Certified Financial Planner (CFP) Education on the Cheap

Theory and Practice Book

Over the long weekend, a few conversations rekindled my curiosity about gaining a Certified Financial Planner (CFP) designation. Now, I really don’t want to be a financial planner. I’m quite happy with my current career right now. I primarily want the CFP knowledge to help me manage my own finances, but to be honest I might be willing to pay a little extra to put the initials after my name.

According to the CFP website, the three main steps are (1) the education requirement, (2) passing the exam, and (3) the 3-year experience requirement. The education requirement can be fulfilled by a $2,000 online course that takes 6-8 weeks, or can be skipped if you are a CFA, CPA, ChFC, or CLU already. The exam costs $595 to take. The 3-year experience requirement is the most difficult for me, as I won’t have time to rack up 6,000 hours of “experience in the financial planning process” unless writing this blog counts. Annual renewal fees are $325 a year.

What if I just want the education at the lowest cost? There are several online CFP Board-Registered programs each with their own curriculum, but they tend to share the same six overall course topics. Both Boston University and UCLA Extension make their textbook lists public. 6 courses times 6 textbooks times ~$110 a textbook = $660. But we all know that publishers like to simply do some light housekeeping and pop out a new edition every other year to force students to pay up. The older edition usually at least 95% the same, but at a fraction of the new price. I took the BU textbook list and went comparison shopping:

Introduction to Financial Planning
Personal Financial Planning Theory and Practice, Dalton
6th edition (2009) costs $125 new at Amazon
5th edition (2008) costs $30 used at Half.com

Risk Management and Insurance
Introduction to Risk Management and Insurance, Dorfman
9th edition (2007) costs $157 new at Amazon
8th edition (2004) costs $2.50 used at Half.com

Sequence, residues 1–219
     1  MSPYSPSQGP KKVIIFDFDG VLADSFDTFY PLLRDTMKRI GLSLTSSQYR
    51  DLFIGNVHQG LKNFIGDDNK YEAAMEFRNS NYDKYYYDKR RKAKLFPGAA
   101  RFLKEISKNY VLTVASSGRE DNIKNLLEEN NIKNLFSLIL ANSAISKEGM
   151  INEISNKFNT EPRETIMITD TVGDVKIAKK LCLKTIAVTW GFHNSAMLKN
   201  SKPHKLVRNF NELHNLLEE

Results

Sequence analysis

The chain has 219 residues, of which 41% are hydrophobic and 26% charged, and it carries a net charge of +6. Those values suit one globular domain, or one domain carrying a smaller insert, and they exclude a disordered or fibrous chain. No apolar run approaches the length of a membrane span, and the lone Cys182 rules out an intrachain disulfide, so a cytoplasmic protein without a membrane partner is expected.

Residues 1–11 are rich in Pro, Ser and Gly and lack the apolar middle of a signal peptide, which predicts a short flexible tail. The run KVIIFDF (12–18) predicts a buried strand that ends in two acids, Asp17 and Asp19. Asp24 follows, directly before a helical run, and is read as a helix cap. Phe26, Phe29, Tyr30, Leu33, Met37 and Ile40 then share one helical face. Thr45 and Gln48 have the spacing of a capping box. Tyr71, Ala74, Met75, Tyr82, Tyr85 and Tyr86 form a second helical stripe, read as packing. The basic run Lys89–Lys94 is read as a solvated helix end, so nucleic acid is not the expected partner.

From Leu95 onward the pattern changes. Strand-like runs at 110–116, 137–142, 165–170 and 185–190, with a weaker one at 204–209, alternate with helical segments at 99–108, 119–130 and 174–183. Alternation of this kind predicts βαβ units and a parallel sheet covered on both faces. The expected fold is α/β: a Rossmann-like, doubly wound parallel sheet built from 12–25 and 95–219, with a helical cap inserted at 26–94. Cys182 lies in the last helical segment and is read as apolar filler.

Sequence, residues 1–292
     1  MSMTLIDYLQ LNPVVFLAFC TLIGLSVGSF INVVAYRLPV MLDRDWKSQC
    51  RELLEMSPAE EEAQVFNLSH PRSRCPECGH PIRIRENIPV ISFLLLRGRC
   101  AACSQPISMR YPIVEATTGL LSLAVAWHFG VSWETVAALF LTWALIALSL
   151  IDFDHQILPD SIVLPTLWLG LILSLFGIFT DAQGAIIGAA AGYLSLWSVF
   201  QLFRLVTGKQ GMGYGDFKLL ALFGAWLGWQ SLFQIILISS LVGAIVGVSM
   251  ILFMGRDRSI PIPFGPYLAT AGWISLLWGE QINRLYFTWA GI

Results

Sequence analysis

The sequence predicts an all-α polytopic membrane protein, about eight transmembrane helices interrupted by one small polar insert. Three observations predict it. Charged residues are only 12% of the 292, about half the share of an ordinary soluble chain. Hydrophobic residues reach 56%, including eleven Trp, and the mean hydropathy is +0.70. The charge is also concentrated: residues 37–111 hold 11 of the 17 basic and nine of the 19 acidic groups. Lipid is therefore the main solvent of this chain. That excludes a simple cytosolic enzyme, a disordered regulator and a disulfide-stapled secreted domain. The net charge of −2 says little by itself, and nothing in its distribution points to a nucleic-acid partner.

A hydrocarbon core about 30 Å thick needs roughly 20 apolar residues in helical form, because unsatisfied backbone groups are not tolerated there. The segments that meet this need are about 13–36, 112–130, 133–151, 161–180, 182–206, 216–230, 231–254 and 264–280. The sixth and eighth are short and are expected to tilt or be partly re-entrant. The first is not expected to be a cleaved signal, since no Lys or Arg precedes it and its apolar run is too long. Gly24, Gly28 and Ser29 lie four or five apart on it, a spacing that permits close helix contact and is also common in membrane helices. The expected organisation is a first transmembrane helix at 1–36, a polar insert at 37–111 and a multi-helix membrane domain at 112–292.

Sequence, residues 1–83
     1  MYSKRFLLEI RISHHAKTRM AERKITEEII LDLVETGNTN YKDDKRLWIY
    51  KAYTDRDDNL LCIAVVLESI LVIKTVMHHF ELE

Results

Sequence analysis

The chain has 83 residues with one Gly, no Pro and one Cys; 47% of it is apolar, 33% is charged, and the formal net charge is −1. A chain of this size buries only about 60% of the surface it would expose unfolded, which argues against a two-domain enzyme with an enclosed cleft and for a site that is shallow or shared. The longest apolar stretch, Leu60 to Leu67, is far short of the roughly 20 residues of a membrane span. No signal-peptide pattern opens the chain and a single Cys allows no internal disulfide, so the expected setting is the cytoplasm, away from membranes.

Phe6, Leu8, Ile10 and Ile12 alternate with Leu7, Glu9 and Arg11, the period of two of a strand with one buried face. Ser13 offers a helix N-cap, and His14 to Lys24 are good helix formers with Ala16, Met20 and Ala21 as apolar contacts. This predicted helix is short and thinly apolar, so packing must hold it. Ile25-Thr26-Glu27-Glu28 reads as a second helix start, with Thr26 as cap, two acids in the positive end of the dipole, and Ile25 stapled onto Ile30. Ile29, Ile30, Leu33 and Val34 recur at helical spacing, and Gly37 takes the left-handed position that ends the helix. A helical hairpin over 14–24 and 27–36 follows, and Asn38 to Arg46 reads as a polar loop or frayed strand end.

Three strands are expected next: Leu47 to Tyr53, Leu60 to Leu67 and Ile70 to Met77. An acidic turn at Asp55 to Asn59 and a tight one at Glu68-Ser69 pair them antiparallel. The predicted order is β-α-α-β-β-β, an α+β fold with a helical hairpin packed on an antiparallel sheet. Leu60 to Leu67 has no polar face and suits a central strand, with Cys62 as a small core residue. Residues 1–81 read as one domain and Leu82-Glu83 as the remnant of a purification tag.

Investments
Investments: An Introduction, Mayo
10th edition (2010) costs $183 new from AbeBooks
9th edition (2007) costs $7 used from Half.com

Tax Planning
Prentice Hall’s Federal Taxation 2012: Individuals, Pearson
2012 edition costs $155 new from Amazon
2011 edition is $55 used from Half.com

(I can see the benefit of having the most up-to-date tax book, but it’s not like I’m going to buy the latest version of this book every year. I’d just try to keep up with any changes.)

Retirement Planning and Employee Benefits
Retirement Planning and Employee Benefits for Financial Planners, Dalton
6th edition (2010) is $75 new from Amazon
5th edition (2008) is $18 used from Amazon Marketplace

Estate Planning
Fundamentals of Estate Planning, Fontaine
12th Edition (2010) is $67 used from AbeBooks. (Couldn’t find it new?)
11th Edition (2008) is $4.20 used from AbeBooks.

Adding up the used prices for these 6 books, the total comes to about $120 (plus shipping and taxes, used prices change regularly). This seems like a more economical way to achieve the knowledge for the DIY set. Chances are, you could even use them with an official course if you really wanted to.

I’d be willing to bet that I could read through these previous editions of textbooks and pass the CFP exam. It’s 10 hours long, but I read that it’s also all multiple-choice. I wish I could try. However, it appears that just to sit for the exam, I must pay for a $2,000 course that seems to primarily consist of some online videos. I can definitely see the benefit of videos for audio/visual learners though, as I’m sure the textbooks can be pretty dry stuff.

Life Planning Exercise: Creating My Perfect Day

I am currently reading The Art of Non-Conformity by Chris Guillebeau (review coming shortly). In one of the early chapters, he talks about an exercise where you write out how your perfect, idealized day would go in great detail, hour-by-hour. I’ve read about this method other places, but never actually write it down. As I go into it, I found myself getting really into it and making several changes throughout today. Here goes:

Early Morning
I wake up, naturally, after 8 hours of sleep. Many people don’t need that much sleep, but I do. I love waking up naturally, but will set an alarm as a backup, because… I have to wake up the kid(s) and get them ready for school. I still don’t have kids, but I really want them.